# Convert from BitArray to Byte

I have a BitArray with the length of 8, and I need a function to convert it to a byte. How to do it?

Specifically, I need a correct function of ConvertToByte

``````    BitArray bit=new BitArray(new bool[]
{
false,false,false,false,
false,false,false,true
});
//How to write ConvertToByte
byte myByte=ConvertToByte(bit);
var recoveredBit = new BitArray(new[] { myByte });
Assert.AreEqual(bit, recoveredBit);
``````
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This should work:

``````byte ConvertToByte(BitArray bits)
{
if (bits.Count != 8)
{
throw new ArgumentException("bits");
}
byte[] bytes = new byte[1];
bits.CopyTo(bytes, 0);
return bytes[0];
}
``````
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Mind: this computes the bits in reverse order, e.g. the BitArray from the example will convert into 128, not 1! –  tehvan Feb 18 '09 at 7:41
Why does this happen in a reverse order? –  Kornelije Petak Feb 4 '10 at 19:39
@kornelijepetak: That's just the way that BitArray works, in terms of the way it chooses to copy values. –  Jon Skeet Feb 4 '10 at 19:43
@kornelijepetak: It is important that it copies in reverse order. If you use BitConverter on other types they are stored in little-endian format. –  user295190 Oct 4 '10 at 18:25

A bit late post, but this works for me:

``````public static byte[] BitArrayToByteArray(BitArray bits)
{
byte[] ret = new byte[bits.Length / 8];
bits.CopyTo(ret, 0);
return ret;
}
``````

Works with:

``````string text = "Test";
byte[] bytes = System.Text.Encoding.ASCII.GetBytes(text);
BitArray bits = new BitArray(bytes);
bytes[] bytesBack = BitArrayToByteArray(bits);
string textBack = System.Text.Encoding.ASCII.GetString(bytesBack);
// bytes == bytesBack
// text = textBack
``````

.

-
Instead of "bits.Length / 8", you should use "(bits.Length - 1) / 8 + 1", otherwise if the BitArray has a length of 7, your byte array will be empty. The "- 1" part makes sure a multiple of 8 will not return plus one. Thanks to stackoverflow.com/questions/17944/… –  iano Nov 2 '11 at 22:03
Good point. A Math.Max(1, bits.Length / 8) will also work I guess (slightly more readable). I always operate on 8 bit bytes so I haven't considered the underflow condition. –  Tedd Hansen Nov 15 '11 at 19:17

This should do the trick. However the previous answer is quite likely the better option.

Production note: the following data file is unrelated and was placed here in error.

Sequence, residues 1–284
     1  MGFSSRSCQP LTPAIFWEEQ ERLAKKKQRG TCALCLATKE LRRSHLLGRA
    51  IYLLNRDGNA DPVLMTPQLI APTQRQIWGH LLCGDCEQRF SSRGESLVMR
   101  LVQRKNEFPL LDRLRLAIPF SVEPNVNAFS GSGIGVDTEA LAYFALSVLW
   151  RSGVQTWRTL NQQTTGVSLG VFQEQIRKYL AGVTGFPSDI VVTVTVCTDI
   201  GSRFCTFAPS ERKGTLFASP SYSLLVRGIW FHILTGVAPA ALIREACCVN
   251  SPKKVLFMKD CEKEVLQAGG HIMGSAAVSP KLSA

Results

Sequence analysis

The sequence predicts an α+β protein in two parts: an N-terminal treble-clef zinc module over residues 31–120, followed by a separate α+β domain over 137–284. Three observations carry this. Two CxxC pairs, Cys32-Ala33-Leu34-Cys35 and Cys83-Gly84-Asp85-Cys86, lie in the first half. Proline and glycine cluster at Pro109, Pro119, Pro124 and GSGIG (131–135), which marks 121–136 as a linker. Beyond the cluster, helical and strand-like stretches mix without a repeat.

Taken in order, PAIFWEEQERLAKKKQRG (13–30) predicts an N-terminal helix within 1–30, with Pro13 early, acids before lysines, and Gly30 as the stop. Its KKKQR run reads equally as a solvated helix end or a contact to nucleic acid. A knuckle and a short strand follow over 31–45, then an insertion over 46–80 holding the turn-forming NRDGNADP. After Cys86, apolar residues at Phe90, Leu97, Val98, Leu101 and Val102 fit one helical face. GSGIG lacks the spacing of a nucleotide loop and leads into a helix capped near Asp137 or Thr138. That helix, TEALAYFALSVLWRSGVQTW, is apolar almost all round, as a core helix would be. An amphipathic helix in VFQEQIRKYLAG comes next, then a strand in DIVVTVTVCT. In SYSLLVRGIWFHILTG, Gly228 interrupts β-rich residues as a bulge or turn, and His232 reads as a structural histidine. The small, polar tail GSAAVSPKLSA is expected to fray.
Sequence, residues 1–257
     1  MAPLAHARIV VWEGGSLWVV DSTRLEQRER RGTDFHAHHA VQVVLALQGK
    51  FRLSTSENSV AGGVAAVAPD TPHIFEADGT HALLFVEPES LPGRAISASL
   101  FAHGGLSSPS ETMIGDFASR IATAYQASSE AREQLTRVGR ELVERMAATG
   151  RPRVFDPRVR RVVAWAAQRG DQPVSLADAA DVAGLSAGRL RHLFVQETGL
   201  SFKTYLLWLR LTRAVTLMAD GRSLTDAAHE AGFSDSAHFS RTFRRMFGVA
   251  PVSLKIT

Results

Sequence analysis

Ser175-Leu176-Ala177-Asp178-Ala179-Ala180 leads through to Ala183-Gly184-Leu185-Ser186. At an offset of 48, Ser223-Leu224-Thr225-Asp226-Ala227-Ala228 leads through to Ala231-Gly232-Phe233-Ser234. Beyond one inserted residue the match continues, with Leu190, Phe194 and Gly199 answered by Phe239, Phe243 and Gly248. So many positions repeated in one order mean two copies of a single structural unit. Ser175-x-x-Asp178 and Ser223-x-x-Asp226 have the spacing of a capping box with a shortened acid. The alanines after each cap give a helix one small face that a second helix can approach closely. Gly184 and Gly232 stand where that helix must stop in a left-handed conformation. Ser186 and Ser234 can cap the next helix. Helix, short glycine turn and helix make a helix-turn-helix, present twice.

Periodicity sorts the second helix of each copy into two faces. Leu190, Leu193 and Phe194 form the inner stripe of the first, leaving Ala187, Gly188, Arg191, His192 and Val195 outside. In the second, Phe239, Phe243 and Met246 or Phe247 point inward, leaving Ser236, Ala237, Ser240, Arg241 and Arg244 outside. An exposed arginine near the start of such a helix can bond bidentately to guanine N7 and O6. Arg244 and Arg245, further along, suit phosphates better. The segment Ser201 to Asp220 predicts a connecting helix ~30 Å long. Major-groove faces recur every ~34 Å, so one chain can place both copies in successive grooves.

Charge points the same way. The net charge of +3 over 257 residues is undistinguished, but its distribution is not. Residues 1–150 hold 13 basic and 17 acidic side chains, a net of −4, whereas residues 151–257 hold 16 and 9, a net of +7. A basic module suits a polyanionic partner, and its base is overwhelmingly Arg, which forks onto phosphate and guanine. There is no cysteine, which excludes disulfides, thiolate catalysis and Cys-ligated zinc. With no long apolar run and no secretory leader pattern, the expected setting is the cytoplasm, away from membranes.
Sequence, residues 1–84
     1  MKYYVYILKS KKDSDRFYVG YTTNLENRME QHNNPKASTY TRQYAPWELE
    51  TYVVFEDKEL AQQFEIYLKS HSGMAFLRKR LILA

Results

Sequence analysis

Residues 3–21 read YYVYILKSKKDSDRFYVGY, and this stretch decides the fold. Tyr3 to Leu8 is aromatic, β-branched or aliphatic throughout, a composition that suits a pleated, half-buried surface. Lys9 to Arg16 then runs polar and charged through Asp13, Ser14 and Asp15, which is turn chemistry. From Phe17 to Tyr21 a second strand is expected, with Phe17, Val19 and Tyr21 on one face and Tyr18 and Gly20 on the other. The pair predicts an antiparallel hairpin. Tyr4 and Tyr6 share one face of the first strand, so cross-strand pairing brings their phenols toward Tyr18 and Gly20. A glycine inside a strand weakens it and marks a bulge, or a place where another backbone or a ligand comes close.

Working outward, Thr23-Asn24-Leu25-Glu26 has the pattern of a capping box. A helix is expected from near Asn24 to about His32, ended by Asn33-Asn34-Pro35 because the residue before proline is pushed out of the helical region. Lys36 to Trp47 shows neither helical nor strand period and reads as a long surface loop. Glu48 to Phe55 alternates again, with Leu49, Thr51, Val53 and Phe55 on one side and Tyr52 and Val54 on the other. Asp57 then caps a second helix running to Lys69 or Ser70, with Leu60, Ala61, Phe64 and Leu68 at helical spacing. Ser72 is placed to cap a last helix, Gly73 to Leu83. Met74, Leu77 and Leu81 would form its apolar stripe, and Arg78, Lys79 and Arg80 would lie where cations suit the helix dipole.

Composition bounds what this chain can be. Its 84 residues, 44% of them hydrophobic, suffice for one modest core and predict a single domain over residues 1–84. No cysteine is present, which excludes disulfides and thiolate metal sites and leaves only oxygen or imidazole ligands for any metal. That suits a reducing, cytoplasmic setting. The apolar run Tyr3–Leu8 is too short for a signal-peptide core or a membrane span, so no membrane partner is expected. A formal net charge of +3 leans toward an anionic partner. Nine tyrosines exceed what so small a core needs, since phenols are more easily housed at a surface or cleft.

``````    public byte ConvertToByte(BitArray bits)
{
if (bits.Count > 8)
throw new ArgumentException("ConvertToByte can only work with a BitArray containing a maximum of 8 values");

byte result = 0;

for (byte i = 0; i < bits.Count; i++)
{
if (bits[i])
result |= (byte)(1 << i);
}

return result;
}
``````

In the example you posted the resulting byte will be 0x80. In other words the first value in the BitArray coresponds to the first bit in the returned byte.

-

A poor man's solution:

``````protected byte ConvertToByte(BitArray bits)
{
if (bits.Count != 8)
{
throw new ArgumentException("illegal number of bits");
}

byte b = 0;
if (bits.Get(7)) b++;
if (bits.Get(6)) b += 2;
if (bits.Get(5)) b += 4;
if (bits.Get(4)) b += 8;
if (bits.Get(3)) b += 16;
if (bits.Get(2)) b += 32;
if (bits.Get(1)) b += 64;
if (bits.Get(0)) b += 128;
return b;
}
``````
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That's should be the ultimate one. Works with any length of array.

``````private List<byte> BoolList2ByteList(List<bool> values)
{

List<byte> ret = new List<byte>();
int count = 0;
byte currentByte = 0;

foreach (bool b in values)
{

if (b) currentByte |= (byte)(1 << count);
count++;
if (count == 7) { ret.Add(currentByte); currentByte = 0; count = 0; };

}

return ret;

}
``````
-
``````byte GetByte(BitArray input)
{
int len = input.Length;
if (len > 8)
len = 8;
int output = 0;
for (int i = 0; i < len; i++)
if (input.Get(i))
output += (1 << (len - 1 - i)); //this part depends on your system (Big/Little)
//output += (1 << i); //depends on system
return (byte)output;
}
``````

Cheers!

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